P. B. v. Minister of Human Resources and Skills Development

Institution:
Social Security Tribunal Decision – Appeal Division – Leave to Appeal decision
Member:
Valerie Hazlett Parker
Hearing date:
N/A
Hearing type:
N/A
Between:
P. B. and Minister of Human Resources and Skills Development
Decision:
Application for leave to appeal is refused
Decision date:
April 16, 2014
Reference number:
AD-13-45
Citation:
P. B. v. Minister of Human Resources and Skills Development, 2014 SSTAD 67

Decision

[1] The Tribunal refuses leave to appeal to the Appeal Division of the Social Security Tribunal.

Introduction

[2] On May 22, 2013 a Review Tribunal determined that a Canada Pension Plan disability pension was not payable. The Applicant filed an application for leave to appeal (the "Application") with the Appeal Division of the Social Security Tribunal (the Tribunal) on August 12, 2013.

Issue

[3] The Tribunal must decide whether the appeal has a reasonable chance of success.

The law

[4] According to subsections 56(1) and 58(3) of the Department of Employment and Social Development (DESD) Act, "an appeal to the Appeal Division may only be brought if leave to appeal is granted" and "the Appeal Division must either grant or refuse leave to appeal".

[5] Subsection 58(1) of the DESD Act states that the only grounds of appeal are the following:

  1. a) The General Division failed to observe a principle of natural justice or otherwise acted beyond or refused to exercise its jurisdiction;
  2. b) The General Division erred in law in making its decision, whether or not the error appears on the face of the record; or
  3. c) The General Division based its decision on an erroneous finding of fact that it made in a perverse or capricious manner or without regard for the material before it.

[6] The decision of the Review Tribunal is considered a decision of the General Division.

[7] Subsection 58(2) of the DHRSD Act provides that "leave to appeal is refused if the Appeal Division is satisfied that the appeal has no reasonable chance of success".

Submissions

[8] The Applicant submitted in support of the Application that he should be granted leave to appeal because:

  1. a) He correctly calculated what he was to contribute to the Canada Pension Plan (CPP), and did not contribute after 2003 because his earnings were too low to require same;
  2. b) The CPP contribution requirements discriminate against him;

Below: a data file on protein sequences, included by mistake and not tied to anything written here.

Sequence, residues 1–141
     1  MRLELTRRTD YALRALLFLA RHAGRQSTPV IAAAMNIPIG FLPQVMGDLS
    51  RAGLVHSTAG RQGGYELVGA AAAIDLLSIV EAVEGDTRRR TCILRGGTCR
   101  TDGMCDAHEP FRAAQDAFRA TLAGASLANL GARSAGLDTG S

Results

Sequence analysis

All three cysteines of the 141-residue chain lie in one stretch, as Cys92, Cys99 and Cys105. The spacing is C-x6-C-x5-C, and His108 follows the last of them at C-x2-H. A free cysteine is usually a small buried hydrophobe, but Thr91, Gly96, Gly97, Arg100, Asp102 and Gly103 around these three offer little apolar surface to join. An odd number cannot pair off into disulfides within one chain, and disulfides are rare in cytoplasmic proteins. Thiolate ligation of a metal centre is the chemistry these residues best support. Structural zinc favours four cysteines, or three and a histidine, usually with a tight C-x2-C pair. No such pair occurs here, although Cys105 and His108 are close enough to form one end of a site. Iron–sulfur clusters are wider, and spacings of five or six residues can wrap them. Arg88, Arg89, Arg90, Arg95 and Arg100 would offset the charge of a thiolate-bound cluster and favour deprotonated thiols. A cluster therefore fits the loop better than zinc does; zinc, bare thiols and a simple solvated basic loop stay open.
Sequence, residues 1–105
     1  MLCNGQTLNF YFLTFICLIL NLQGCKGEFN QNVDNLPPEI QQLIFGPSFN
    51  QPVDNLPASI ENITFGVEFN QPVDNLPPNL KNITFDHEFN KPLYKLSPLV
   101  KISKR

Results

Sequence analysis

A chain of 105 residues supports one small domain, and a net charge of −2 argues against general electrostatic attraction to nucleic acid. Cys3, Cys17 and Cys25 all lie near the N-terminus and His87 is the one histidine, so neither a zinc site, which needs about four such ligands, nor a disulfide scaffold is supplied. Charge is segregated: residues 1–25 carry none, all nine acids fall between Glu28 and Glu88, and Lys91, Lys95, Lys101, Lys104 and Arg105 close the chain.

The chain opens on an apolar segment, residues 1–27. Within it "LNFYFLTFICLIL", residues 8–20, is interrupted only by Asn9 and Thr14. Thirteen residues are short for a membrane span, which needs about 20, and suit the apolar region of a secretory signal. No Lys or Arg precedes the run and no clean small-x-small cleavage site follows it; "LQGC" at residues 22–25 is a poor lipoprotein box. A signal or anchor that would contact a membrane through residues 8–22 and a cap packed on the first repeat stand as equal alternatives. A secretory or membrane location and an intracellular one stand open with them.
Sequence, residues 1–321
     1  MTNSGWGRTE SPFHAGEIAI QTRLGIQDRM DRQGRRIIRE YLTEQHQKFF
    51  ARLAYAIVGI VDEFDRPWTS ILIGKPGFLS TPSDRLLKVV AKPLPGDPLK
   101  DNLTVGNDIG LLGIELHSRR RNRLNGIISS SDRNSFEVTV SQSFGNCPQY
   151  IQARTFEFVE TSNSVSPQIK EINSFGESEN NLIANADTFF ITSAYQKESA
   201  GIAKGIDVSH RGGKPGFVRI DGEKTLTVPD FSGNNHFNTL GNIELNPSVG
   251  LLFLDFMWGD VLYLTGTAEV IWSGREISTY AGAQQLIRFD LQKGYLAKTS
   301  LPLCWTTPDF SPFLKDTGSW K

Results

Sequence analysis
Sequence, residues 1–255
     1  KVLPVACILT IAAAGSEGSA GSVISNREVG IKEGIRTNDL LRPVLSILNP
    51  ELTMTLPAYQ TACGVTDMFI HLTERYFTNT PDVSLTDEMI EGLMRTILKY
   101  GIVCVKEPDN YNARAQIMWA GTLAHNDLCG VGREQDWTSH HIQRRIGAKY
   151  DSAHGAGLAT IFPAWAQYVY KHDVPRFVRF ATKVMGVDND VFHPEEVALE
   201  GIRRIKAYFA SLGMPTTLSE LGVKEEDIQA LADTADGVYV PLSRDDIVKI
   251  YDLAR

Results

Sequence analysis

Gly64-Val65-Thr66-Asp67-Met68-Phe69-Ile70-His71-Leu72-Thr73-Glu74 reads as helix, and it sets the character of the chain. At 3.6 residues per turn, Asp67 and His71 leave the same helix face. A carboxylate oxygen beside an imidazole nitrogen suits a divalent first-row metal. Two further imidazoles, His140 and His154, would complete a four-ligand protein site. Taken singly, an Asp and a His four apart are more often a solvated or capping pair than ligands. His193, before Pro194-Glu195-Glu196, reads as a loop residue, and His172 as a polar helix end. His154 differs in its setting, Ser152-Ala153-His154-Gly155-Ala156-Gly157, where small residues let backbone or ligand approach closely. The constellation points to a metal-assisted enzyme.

3. c) He is disabled by arthritis.

Analysis

[9] Although a leave to appeal application is a first, and lower, hurdle to meet than the one that must be met on the hearing of the appeal on the merits, some arguable ground upon which the proposed appeal might succeed is needed in order for leave to be granted: Kerth v. Canada (Minister of Development), [1999] FCJ No. 1252 (FC).

[10] Furthermore, the Federal Court of Appeal has found that an arguable case at law is akin to determining whether legally an applicant has a reasonable chance of success: Canada (Minister of Human Resources Development) v. Hogervorst, 2007 FCA 4, Fancy v. Canada (Attorney General), 2010 FCA 63.

[11] The Applicant did not allege that the Review Tribunal made any errors in its findings of fact, so no ground of appeal that has a reasonable chance of success is presented on this basis.

[12] The Applicant argued that he did not contribute to the CPP because his earnings were too low to require this after 2003. Therefore, he should be considered to have contributed in these years as he worked and made a zero contribution as required by law. The CPP requires that a minimum amount be contributed to the CPP each year for those years to be included when calculating the Minimum Qualifying Period. The Review Tribunal made no error in calculating the Applicant’s Minimum Qualifying Period for disability pension, nor in its statement of the contributory requirements under the CPP. This argument therefore does not disclose a ground of appeal that has reasonable chance of success.

[13] Finally, the Applicant argued at the Review Tribunal hearing that the CPP contribution requirement discriminated against him. This argument was considered and rejected. The Applicant did not argue that the Review Tribunal made any error in reaching this decision. The Applicant’s restatement of this argument is not a ground of appeal that has a reasonable chance of success.

Conclusion

[14] The Application is refused for the reasons stated above.

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